Newtown: A Brief History

The Newtown community, consisting of six streets of terraced houses, was sited near the centre of Cardiff between Tyndall Street and the main railway line to London, and was bounded, somewhat unusually, by railway lines on the remaining three sides. The famine of the 1840s caused many thousands to leave Ireland. Most of the destitute survivors who came to South Wales came from the south-west counties of Ireland, mainly Cork, and flocked to urban areas seeking a new life. At that time Cardiff was undergoing a period of rapid development that by 1900 was to transform the small town into the most famous port in the world for coal exports. Newtown was built and soon occupied by the newcomers who took part in the construction of the docks and subsequently worked as dockers in the bustling, ever-expanding port. The docks continued to provide much employment for many Newtown men until the community was dispersed and the houses demolished in the 1960s. Women, too, were involved in the hard physical work of the docks by discharging cargoes from potato boats.
Times were hard but communal hardship and privations were alleviated by a marked sense of community, underpinned by the people’s strong loyalty to the Catholic faith. St. Paul’s School and Chapel was built in Tyndall Street in the mid 1870s, providing a focus for the Newtown community which had swollen to approximately 2,000 by the year 1886. A new church was built on an adjoining site and was officially opened on 29 August, 1893. Cardinal Vaughan, Archbishop of Westminster and Primate of England, attended the opening and preached at the Pontifical High Mass. The old chapel was incorporated into the school to provide better accommodation for the infants.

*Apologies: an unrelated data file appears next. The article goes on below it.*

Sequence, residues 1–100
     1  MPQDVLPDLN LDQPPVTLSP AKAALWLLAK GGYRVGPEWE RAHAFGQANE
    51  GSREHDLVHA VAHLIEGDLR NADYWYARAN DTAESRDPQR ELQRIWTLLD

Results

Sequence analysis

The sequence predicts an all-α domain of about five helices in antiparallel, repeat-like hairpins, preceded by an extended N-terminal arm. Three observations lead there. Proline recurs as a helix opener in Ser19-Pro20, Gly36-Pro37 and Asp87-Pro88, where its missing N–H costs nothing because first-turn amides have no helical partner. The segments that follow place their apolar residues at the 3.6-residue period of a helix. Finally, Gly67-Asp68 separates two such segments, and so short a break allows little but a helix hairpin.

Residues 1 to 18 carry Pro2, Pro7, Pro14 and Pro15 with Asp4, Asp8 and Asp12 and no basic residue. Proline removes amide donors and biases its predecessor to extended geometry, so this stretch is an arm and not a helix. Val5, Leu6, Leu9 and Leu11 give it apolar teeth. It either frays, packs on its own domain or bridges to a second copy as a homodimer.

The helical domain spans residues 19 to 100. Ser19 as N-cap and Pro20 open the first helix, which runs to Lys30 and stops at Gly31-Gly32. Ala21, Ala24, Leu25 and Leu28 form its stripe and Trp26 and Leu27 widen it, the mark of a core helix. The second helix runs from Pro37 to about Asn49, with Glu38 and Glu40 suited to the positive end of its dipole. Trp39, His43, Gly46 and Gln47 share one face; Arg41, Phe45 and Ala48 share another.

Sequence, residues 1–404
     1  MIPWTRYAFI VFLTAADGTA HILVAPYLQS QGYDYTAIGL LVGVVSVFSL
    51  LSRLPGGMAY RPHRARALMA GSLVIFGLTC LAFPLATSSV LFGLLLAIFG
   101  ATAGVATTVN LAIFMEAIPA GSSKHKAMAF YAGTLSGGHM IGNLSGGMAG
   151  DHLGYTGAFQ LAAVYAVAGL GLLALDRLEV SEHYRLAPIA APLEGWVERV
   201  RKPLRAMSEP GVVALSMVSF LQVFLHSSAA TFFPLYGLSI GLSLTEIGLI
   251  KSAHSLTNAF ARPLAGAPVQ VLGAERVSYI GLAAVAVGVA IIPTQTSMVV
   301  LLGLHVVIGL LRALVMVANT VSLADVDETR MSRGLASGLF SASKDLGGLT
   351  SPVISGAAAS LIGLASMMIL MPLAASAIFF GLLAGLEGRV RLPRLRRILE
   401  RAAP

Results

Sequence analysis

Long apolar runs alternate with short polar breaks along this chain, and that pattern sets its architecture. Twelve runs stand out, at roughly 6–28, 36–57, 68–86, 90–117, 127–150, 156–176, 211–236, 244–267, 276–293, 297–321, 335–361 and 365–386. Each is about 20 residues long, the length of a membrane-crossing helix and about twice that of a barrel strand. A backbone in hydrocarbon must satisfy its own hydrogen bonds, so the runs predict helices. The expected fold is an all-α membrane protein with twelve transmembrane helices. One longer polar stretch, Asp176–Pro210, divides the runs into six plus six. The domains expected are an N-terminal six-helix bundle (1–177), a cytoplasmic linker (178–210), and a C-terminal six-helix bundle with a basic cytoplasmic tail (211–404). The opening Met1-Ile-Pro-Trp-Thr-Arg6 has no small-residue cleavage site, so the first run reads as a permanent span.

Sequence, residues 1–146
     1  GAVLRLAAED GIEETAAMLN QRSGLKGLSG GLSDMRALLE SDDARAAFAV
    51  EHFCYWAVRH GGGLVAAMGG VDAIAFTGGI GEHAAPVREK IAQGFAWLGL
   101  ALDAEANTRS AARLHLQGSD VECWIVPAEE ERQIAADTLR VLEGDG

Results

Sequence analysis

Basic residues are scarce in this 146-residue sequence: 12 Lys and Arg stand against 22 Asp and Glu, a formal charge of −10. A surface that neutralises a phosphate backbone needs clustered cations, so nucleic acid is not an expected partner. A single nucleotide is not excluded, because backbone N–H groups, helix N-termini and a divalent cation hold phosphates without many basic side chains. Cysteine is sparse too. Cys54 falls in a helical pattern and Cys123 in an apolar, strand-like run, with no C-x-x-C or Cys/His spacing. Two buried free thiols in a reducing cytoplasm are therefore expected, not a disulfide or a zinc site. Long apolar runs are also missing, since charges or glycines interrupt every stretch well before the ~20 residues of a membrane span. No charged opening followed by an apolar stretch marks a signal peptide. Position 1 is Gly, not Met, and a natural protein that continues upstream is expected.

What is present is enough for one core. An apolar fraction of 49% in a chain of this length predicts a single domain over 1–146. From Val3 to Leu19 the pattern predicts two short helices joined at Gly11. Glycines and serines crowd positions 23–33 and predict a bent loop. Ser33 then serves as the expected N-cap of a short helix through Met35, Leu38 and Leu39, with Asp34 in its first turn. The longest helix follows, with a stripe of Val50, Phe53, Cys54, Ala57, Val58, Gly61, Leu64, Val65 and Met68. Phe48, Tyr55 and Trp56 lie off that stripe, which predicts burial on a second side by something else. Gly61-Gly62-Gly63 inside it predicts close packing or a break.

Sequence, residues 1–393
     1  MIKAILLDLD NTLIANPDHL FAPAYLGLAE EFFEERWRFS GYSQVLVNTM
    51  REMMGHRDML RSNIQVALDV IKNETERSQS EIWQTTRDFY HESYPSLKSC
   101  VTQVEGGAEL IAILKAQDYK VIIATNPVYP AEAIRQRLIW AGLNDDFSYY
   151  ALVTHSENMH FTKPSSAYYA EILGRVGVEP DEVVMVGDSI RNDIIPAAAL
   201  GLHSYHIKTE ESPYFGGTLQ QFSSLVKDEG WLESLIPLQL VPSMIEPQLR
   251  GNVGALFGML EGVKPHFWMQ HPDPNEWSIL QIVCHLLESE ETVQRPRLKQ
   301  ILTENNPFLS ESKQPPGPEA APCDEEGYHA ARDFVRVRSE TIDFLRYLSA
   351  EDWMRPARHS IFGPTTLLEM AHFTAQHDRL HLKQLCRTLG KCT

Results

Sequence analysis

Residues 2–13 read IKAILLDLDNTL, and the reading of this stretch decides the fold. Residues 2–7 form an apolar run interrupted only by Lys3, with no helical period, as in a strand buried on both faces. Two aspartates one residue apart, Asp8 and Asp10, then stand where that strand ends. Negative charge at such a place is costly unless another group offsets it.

St. Paul’s School functioned until 1908 when the pupils were transferred to the new St. David’s School. Sadly, following a compulsory purchase order on the Newtown site in 1966 when the community was split up and rehoused in various parts of the city, the Church and the old school buildings were demolished in 1970. Ironically, 30 years on, the spirit of the community still exists and from time to time get together – particularly when a member of the old community dies and there is a Requiem Mass to attend. Most of the old parishioners of St. Paul’s have carried on the faith of the forefathers – many of them playing key roles in the parish life of various Catholic churches in the Archdiocese of Cardiff.

: Mary O’Sullivan, Chair of The Newtown Association.

Published in The Green Dragon No 2, March 1997.